The Doctor truly is growing...  


In much the same way that the Doctor's moral compass seems fully defined by Season Three, the same can be said about his interpersonal skills. There will always be moments where his temper becomes short, but his heart(s) of gold always manages to shine through. He continues befriending people where he can in his various adventures and values his closer friends that are travelling with him in the TARDIS. 

Those closer friends seem to start changing up quite quickly. But the Doctor is now at a point where he can take it all in stride. This is, perhaps, the best evidence that the misanthrope is truly laid to rest. When Vicki leaves in The Mythmakers or even when Katarina and Sara Kingdom die in The Dalek Masterplan, he doesn't let this stop him from going out and forming new bonds. He mourns his losses but doesn't wallow in them. Nor does he use them as an excuse to withdraw from personal interaction.

There is, of course, one more moment where the Doctor comes dangerously close to backsliding again. Those famous last few minutes of The Massacre, sadly, only exist in telesnap and audio format - but they are still very stirring to watch. When the Doctor and Steven seem to be parting ways, he legitimately contemplates giving up on his travels and returning to Gallifrey. But for the caprice of chance, that may have actually happened. Dodo just happens to wander into the TARDIS and this prompts a change of heart in the Doctor. He decides to continue his journeys through Time and Space. He also continues on his own personal journey.


And so, the Doctor continues on. Taking on new companions and saying goodbye to the old ones when the time comes for them to go (or, in the case of Dodo, he doesn't even do that!). He does seem to still be a bit functional in some of his relationships. In The War Machines, he senses something evil about the new Post Office Tower and feels he must do something about it. Immediately, he befriends the right sort of influential people who will enable him to investigate it. But we can hardly criticize him for it. He needed to get to the bottom of things and he does still seem to form real bonds with these people.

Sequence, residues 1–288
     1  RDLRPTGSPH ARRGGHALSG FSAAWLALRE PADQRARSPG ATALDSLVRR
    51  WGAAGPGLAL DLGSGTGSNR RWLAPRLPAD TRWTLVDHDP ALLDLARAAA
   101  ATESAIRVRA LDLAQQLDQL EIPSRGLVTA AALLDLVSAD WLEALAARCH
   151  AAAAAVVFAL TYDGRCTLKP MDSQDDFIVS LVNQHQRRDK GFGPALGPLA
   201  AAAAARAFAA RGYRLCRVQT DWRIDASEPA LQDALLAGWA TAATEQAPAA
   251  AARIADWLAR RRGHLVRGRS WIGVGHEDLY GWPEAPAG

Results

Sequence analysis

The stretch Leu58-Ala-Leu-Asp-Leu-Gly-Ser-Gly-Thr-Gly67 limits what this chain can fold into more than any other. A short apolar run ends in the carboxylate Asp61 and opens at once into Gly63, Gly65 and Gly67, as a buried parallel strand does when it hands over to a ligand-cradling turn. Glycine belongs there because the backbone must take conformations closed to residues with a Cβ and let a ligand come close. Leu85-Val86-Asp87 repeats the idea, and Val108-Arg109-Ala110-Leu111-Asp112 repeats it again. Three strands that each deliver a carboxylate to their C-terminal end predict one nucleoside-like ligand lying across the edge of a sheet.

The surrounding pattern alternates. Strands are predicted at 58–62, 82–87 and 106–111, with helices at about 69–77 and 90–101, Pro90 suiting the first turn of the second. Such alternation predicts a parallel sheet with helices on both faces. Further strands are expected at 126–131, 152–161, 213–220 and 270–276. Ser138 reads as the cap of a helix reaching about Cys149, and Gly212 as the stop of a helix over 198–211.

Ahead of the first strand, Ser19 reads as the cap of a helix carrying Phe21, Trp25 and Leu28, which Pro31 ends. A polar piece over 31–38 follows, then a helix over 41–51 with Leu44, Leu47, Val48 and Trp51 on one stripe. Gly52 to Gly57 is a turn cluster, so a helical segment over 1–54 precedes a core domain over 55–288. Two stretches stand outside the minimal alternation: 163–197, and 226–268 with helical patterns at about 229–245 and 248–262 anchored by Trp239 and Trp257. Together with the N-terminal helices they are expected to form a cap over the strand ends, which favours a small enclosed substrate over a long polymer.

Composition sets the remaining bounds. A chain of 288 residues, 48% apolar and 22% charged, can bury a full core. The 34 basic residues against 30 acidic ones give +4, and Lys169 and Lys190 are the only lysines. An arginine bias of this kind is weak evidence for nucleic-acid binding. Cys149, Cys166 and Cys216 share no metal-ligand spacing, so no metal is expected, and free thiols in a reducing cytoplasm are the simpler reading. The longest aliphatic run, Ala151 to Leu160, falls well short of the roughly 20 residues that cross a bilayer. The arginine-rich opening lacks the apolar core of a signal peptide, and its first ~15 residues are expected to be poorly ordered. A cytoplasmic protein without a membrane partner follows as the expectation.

While this does not truly happen in his "proper era", we do see one last attempt at a sort of ultimate personal withdrawal. His refusal to regenerate in Twice Upon A Time definitely represents some serious anti-social behavior. But, again, the regression is short-lived. The Doctor is now someone who is not only fascinated by the sciences that affect the Universe, he also loves the many varied lifeforms that inhabit it. Other Doctors might come along and also have difficulties dealing with people - but we know, deep down inside, that he's a good man. And it's because of the personal journey we got to watch happen in his very first incarnation.

He really did become everyone's gentle grandfather.

Finally! I finished that particular thread of this essay. That loose end has been tied and I can get on with my life. Again, if you should want to see the first part of the series, here it is:

1 comment:

  1. You bring up some very interesting points in the way that Hartnell's portrayal of the Doctor changed over the time he was on the air. It gives us something to think about. Now, its time to see how Troughton's Doctor changed, if any, with the talked about changes between the War Games and the appearance of the Third Doctor.